Lisa Perrotti-Brown - 14/03/2019
Jancis Robinson MW - jancisrobinson.com - January 2013
57% of the crop went into this. The alcohol level was 14% in 2005 when there was lots of Merlot, but in 2009 when the assemblage was 46% Merlot, 40% Cabernet Sauvignon, 14% Cabernet Franc, it reached 14.3%, the highest ever. What problems did this cause? Jean-Philippe Delmas was asked. 'To find the right yeast.' He smiled, adding, 'and the fermentation was very long: three weeks with a very long malolactive fermentation. This was the first time they had such high alcohols with Cabernet. Dark crimson with a little more blue than La Mission. LOVELY supple exciting nervy nose with a great deal of integrity and complexity already.
Reminds me a little of Ch Margaux in its immediate appeal and class, even if the actual aromas are different (though equally terroir-driven). Real knockout stuff with lovely suppleness on the palate and real grace. Not a blockbuster, amazingly; it seems beautifully balanced. It has the same dense tannic charge but with a bit more fruit and less austerity than La Mission. Very long. So it's definitely Haut-Brion, just more concentrated than usual! Lots of pleasure and luxury.
Jancis Robinson MW, jancisrobinson.com - Apr 2010
James Suckling - Wine Spectator - March 2010
Even richer than the perfect 1989, with similar technical numbers although slightly higher extract and alcohol, it offers up a sensational perfume of subtle burning embers, unsmoked cigar tobacco, charcoal, black raspberries, wet gravel, plums, figs and blueberries. There is so much going on in the aromatics that one almost hesitates to stop smelling it. However, when it hits the palate, it is hardly a letdown. This unctuously textured, full-bodied 2009 possesses low acidity along with stunning extract and remarkable clarity for a wine with a pH close to 4.0.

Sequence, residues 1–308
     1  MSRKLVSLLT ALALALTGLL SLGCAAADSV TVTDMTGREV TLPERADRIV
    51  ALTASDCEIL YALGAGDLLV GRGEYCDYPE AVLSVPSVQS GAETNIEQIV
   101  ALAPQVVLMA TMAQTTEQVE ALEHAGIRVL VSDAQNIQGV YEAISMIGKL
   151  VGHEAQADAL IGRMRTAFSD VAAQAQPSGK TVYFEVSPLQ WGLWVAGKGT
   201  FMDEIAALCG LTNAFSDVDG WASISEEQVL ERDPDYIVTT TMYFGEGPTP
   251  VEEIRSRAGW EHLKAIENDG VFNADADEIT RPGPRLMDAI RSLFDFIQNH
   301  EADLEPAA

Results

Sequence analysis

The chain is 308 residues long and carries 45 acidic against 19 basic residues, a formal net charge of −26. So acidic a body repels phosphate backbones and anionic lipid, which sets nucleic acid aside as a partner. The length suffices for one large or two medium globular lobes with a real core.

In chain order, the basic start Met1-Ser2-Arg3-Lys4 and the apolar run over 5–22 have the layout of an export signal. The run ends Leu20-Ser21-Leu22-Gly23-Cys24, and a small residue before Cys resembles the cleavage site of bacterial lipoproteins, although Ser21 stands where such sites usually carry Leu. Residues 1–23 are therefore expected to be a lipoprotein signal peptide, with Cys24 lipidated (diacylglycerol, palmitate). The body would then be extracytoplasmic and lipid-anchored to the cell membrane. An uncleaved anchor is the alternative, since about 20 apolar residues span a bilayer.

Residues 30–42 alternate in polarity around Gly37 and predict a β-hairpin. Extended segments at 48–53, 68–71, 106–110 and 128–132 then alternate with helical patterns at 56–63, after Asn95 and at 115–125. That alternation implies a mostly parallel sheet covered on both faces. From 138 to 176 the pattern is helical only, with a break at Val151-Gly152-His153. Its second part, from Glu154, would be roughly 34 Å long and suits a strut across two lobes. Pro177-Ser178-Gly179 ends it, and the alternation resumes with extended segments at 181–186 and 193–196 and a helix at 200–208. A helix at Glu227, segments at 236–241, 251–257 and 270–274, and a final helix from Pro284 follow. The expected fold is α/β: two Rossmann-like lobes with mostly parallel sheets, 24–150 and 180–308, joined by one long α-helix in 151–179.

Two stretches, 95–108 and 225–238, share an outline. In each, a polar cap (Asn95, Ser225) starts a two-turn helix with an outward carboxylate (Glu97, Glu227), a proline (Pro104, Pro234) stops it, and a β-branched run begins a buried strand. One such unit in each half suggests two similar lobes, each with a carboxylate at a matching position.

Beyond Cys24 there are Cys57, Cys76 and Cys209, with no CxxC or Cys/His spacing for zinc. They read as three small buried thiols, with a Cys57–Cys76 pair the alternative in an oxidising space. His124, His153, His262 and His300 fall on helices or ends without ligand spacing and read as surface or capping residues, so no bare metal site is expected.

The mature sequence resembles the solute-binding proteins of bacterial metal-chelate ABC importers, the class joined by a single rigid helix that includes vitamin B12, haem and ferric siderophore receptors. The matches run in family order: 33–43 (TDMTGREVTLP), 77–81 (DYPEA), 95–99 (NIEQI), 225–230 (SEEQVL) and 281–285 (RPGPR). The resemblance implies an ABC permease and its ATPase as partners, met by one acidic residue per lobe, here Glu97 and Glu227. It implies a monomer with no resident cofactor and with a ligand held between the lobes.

The good news is that there are 10,500 cases of the 2009, one of the most compelling examples of Haut-Brion ever made. It requires a decade of cellaring and should last a half century or more. Readers who have loved the complexity of Haut-Brion should be prepared for a bigger, richer, more massive wine, but one that does not lose any of its prodigious aromatic attractions.
Robert Parker - Wine Advocate - February 2012
About this WINE
The only property from outside the Médoc to be included in the 1855 Classification, Haut-Brion’s viticultural history can be traced back further than its Médoc First Growth counterparts. Samuel Pepys even mentions it in his diaries. Situated in what is now Pessac-Léognan, the property finds itself now in the suburbs of the ever-encroaching city of Bordeaux.
After falling into a state of disrepair the estate was purchased in 1935 by Clarence Dillon, an American financier, since when it has enjoyed a steady and continual resurgence to a position of pre-eminence. Dillon’s great-grandson, Prince Robert of Luxembourg, now runs the estate, but a key influence in the reputation which Haut-Brion enjoys today is the Delmas family. George Delmas was manager and wine-maker until 1960, when his son Jean-Bernard took over. Jean- Bernard was a visionary figure, responsible for a number of important innovations, and on his retirement in 2003 his son Jean-Philippe took over as Directeur Générale.